3 reasons we get succession wrong

Family businesses face a set of challenges others don't, says board advisor Anna Zanardi Cappon.

by Anna Zanardi Cappon
Last Updated: 28 Aug 2019

When a company finds itself looking for a new leader to steer its business, a disciplined decision-making process is crucial. Stable leadership is at the core of every business, and rash decisions must be avoided during its temporary absence.

A well-prepared organisation has a back-up plan, and a designated deputy CEO should be ready to step in when the unexpected happens.

However, many companies fail to recognise the essential steps to ensure that the organisation is ready to move forward and avoid costly mistakes in such a scenario, especially when it comes to family businesses. Here are the key steps for an effective succession plan:

1. Facing your mortality

Last November, even Jeff Bezos told his employees that "one day Amazon will fail". One of the reasons why we get succession wrong is because CEOs often avoid facing their mortality. In Steve Jobs’ commencement address at Stanford University in 2005, he said, "Remembering that I'll be dead soon is the most important tool I've ever encountered to help me make the big choices in life".

Facing your mortality and thinking about transition periods can be sensitive, which is why planning is often postponed until it is too late. For family businesses it is vital to plan family assemblies and prioritise your relationship with your other family members.

2. Letting go

Not letting go can be detrimental to a smooth transition period, and this can be difficult for entrepreneurs who view their businesses as their legacy. For example, Luciano Benetton returned to Benetton Group at 82 years old after he left the company in 2008.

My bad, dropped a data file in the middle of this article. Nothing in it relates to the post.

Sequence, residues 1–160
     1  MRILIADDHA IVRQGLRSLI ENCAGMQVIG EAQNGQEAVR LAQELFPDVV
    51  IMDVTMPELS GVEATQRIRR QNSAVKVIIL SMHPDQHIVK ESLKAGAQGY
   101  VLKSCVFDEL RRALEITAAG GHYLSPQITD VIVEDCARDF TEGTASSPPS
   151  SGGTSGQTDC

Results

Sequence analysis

In an interview with Italian newspaper La Repubblica, he described the decline of Benetton as "intolerable pain". Many CEOs are controlling, and this is one of the reasons behind their success but also their downfall. The founder of the business must be ready to entrust the company to people who can take over the reins and implement an innovative strategy.

3. Governance

In many cases, governance is not taken into consideration as the crucial part of a succession plan. Governance structure needs to be questioned and constantly reviewed. The organisation also needs to make difficult decisions about who should succeed the CEO and the C-suite.

Italian billionaire Leonardo Del Vecchio has struggled to find an heir to his eyewear empire Luxottica, and since it merged with Essilor in 2017, the company has been plagued with governance issues.

There are unique challenges which are faced by family businesses when it comes to governance. This is because family dynamics can be trickier to navigate, especially when family members have a different ambition for the future of the company.

These conversations are also more difficult as it can affect family relationships, especially when there are family members who are not well suited to succeed in a role. A clear governance strategy will help improve business performance and manage the expectations of family members.

Anna Zanardi Cappon is a board advisor.

Image credit: Jeshoots.com/Pexels

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